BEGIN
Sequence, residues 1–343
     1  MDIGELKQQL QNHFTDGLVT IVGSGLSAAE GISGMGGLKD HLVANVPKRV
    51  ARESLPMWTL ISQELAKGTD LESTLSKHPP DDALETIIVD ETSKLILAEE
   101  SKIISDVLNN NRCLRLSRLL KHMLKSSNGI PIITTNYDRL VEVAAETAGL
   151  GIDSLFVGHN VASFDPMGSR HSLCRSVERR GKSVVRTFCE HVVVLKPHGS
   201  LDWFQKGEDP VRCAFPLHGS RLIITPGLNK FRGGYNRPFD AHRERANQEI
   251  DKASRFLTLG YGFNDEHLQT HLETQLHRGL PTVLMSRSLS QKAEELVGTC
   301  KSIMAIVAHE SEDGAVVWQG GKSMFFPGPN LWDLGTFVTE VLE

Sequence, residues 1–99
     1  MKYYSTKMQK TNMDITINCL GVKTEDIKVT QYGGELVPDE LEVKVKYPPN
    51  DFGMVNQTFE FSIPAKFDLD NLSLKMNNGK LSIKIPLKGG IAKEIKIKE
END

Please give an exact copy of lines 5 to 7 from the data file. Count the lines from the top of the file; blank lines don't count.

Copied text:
   151  GIDSLFVGHN VASFDPMGSR HSLCRSVERR GKSVVRTFCE HVVVLKPHGS
   201  LDWFQKGEDP VRCAFPLHGS RLIITPGLNK FRGGYNRPFD AHRERANQEI
   251  DKASRFLTLG YGFNDEHLQT HLETQLHRGL PTVLMSRSLS QKAEELVGTC